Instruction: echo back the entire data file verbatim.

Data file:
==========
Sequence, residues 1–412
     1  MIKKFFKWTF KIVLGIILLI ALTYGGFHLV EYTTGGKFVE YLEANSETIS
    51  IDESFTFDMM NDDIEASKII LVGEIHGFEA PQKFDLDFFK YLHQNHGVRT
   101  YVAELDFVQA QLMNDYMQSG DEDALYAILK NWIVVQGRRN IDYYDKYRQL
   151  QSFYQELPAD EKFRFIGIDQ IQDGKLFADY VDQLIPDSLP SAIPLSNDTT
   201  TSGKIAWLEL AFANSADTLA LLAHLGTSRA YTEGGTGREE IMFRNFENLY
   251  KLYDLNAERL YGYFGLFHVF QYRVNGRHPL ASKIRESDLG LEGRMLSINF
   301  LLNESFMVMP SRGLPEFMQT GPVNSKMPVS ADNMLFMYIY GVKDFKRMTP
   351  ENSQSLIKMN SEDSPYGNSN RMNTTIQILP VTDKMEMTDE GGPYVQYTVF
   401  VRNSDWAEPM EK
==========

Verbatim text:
Sequence, residues 1–412
     1  MIKKFFKWTF KIVLGIILLI ALTYGGFHLV EYTTGGKFVE YLEANSETIS
    51  IDESFTFDMM NDDIEASKII LVGEIHGFEA PQKFDLDFFK YLHQNHGVRT
   101  YVAELDFVQA QLMNDYMQSG DEDALYAILK NWIVVQGRRN IDYYDKYRQL
   151  QSFYQELPAD EKFRFIGIDQ IQDGKLFADY VDQLIPDSLP SAIPLSNDTT
   201  TSGKIAWLEL AFANSADTLA LLAHLGTSRA YTEGGTGREE IMFRNFENLY
   251  KLYDLNAERL YGYFGLFHVF QYRVNGRHPL ASKIRESDLG LEGRMLSINF
   301  LLNESFMVMP SRGLPEFMQT GPVNSKMPVS ADNMLFMYIY GVKDFKRMTP
   351  ENSQSLIKMN SEDSPYGNSN RMNTTIQILP VTDKMEMTDE GGPYVQYTVF
   401  VRNSDWAEPM EK